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Three ways to improve your competition results with Athlete Analyzer

We often get the question “Will I get better results if I start to use Athlete Analyzer?” Well, it’s hard to make promises like that but we can see a clear trend among our users:

  • Club athletes using Athlete Analyzer will often enter the national teams within 1 to 2 years.

  • Athletes in national teams quite quickly start to get their first international results.

How can this be possible? What is the reason for these results?

It’s not just about to train harder, it’s about training smarter. It’s about learning from past contests and adjust the training accordingly. Simply put, let’s say you have 10 hours of training each week, why not make sure every hour is spent on enhancing your strengths and minimize your weaknesses? I’m sure most of us will agree that this might be a good idea.

Athlete Analyzer visualize match patterns and match events like scores and warnings down to lowest detail. How to use this gold mine of information is up to each athlete or coach in the team though.

Every now and then we get feedback from thankful users telling us different “success stories” or their “best practices” using Athlete Analyzer and we have decided to share some of them below in a general form. Unfortunately, many users often don’t want us to discuss it in detail to the public because they look at Athlete Analyzer as some sort of their “secret weapon”. But, we can explain some of the best practices in a general form which we do below.

Be aware of the efficiency of your techniques (judo)

Scoring at throwing attempts

Athlete Analyzer visualize the efficiency of the techniques used by the athlete. That is, the percentage of scores when attempting each technique.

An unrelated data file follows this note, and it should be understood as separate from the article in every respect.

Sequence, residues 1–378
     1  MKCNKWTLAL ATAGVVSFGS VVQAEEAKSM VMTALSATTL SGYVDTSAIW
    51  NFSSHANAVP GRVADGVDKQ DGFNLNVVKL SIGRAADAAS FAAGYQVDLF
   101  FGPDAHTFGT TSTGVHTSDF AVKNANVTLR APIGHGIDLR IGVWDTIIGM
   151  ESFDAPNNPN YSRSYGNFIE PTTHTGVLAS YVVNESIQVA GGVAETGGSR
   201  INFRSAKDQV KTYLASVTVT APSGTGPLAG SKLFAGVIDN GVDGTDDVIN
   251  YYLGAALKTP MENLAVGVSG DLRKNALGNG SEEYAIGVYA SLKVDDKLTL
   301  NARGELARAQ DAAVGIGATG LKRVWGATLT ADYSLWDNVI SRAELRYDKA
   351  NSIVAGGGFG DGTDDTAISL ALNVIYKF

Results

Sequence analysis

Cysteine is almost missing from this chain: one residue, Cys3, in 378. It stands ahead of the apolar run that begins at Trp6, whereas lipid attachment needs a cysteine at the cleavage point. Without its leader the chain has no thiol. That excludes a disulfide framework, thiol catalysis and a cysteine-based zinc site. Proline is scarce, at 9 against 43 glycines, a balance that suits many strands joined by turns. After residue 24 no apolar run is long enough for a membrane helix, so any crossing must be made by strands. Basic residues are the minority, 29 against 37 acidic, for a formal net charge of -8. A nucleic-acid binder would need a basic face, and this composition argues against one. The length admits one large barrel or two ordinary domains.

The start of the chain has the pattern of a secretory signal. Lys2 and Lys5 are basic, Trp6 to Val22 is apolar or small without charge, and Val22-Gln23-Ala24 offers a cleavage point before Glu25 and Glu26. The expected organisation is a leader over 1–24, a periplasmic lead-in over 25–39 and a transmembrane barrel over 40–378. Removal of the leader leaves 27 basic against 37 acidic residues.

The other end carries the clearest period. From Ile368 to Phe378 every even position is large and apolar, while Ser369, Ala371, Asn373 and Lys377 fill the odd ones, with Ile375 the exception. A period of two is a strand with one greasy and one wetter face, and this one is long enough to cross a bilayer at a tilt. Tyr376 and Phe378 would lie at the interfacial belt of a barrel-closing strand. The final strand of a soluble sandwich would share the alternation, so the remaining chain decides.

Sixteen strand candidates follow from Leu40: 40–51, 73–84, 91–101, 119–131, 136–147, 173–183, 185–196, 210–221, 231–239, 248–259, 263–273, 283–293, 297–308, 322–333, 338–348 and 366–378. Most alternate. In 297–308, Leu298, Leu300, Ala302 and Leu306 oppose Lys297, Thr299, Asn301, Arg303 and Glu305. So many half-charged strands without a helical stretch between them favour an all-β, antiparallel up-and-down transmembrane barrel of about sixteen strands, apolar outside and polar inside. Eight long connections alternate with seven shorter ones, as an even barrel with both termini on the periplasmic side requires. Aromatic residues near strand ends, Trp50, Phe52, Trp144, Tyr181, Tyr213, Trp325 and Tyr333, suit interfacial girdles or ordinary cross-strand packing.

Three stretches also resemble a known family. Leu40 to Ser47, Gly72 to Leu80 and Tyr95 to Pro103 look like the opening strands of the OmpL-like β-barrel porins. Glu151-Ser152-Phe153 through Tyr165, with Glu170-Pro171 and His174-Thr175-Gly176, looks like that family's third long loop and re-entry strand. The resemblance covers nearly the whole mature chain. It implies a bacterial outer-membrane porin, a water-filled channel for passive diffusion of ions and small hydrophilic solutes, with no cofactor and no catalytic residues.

Quite often the users will discover interesting facts. We have several users telling us that the most attempted technique has proved to be much less efficient than other less used techniques.

Some techniques are attempted for other reasons than to score. “Old habit”, “I feel secure while attacking” or even “I thought this was my most efficient technique but when I analyzed it I confused it with successful attempts on randoris. It doesn’t work well during contests”. We have users telling us that some of their most used techniques actually has a very bad outcome, a very low score rate and even lower ippon rate and sometimes even leads to counter attacks and ultimate loosing contests.

Keeping track of the technique efficiency is one of the easy analysis that is possible with Athlete Analyzer. Why not use the techniques with a high efficiency more often? Don’t confuse what happens in practice and the outcome in competition. This strategy has helped many athletes to improve their game considerably and brought quick and remarkably results.

Analysis of active and resting periods in contests (judo)

Active and resting periods in contests

This analysis request was brought to our attention by Luis Monteiro in Portugal, thank you! Different athletes have different match patterns, that is the length between hajime and mate (active period) and the length between mate and hajime (resting period). The difference can be quite significant between different athletes in the team.

Randoris is often practiced in a very traditional way like X times 3-5 minutes of randori. Quite often it’s divided in tachi waza randori and ne waza randori too. This is very far from how contests looks like.

Why not train randori in a way that mimics the match pattern for the athlete instead?

Athlete Analyzer will show the match pattern for each athlete. For instance, if an athlete has an average active period of 20 sec ranging from 15 to 27 seconds and an average resting period of 7 sec ranging from 5 sec to 9 sec – why not train on this during randoris leading up to important competitions? And also allow to transition from tachi waza to ne waza while doing it?

Simply put, why not adjust the training to match how the athlete’s contests looks like? Well, many of our users do this based on information from Athlete Analyzer and have reached great results.

Road to Victory, create your game plan (BJJ)


The BJJ version of Athlete Analyzer has a more or less visualized road to victory called matchflow. From every situation that has happened in competition the system visualizes the probability for a win (or a loose) based on your previous contests. Use this information to enhance your winning strategies and make sure to practice the situations which often leads to losses. Athlete Analyzer basically show you what game plan that works best for you.


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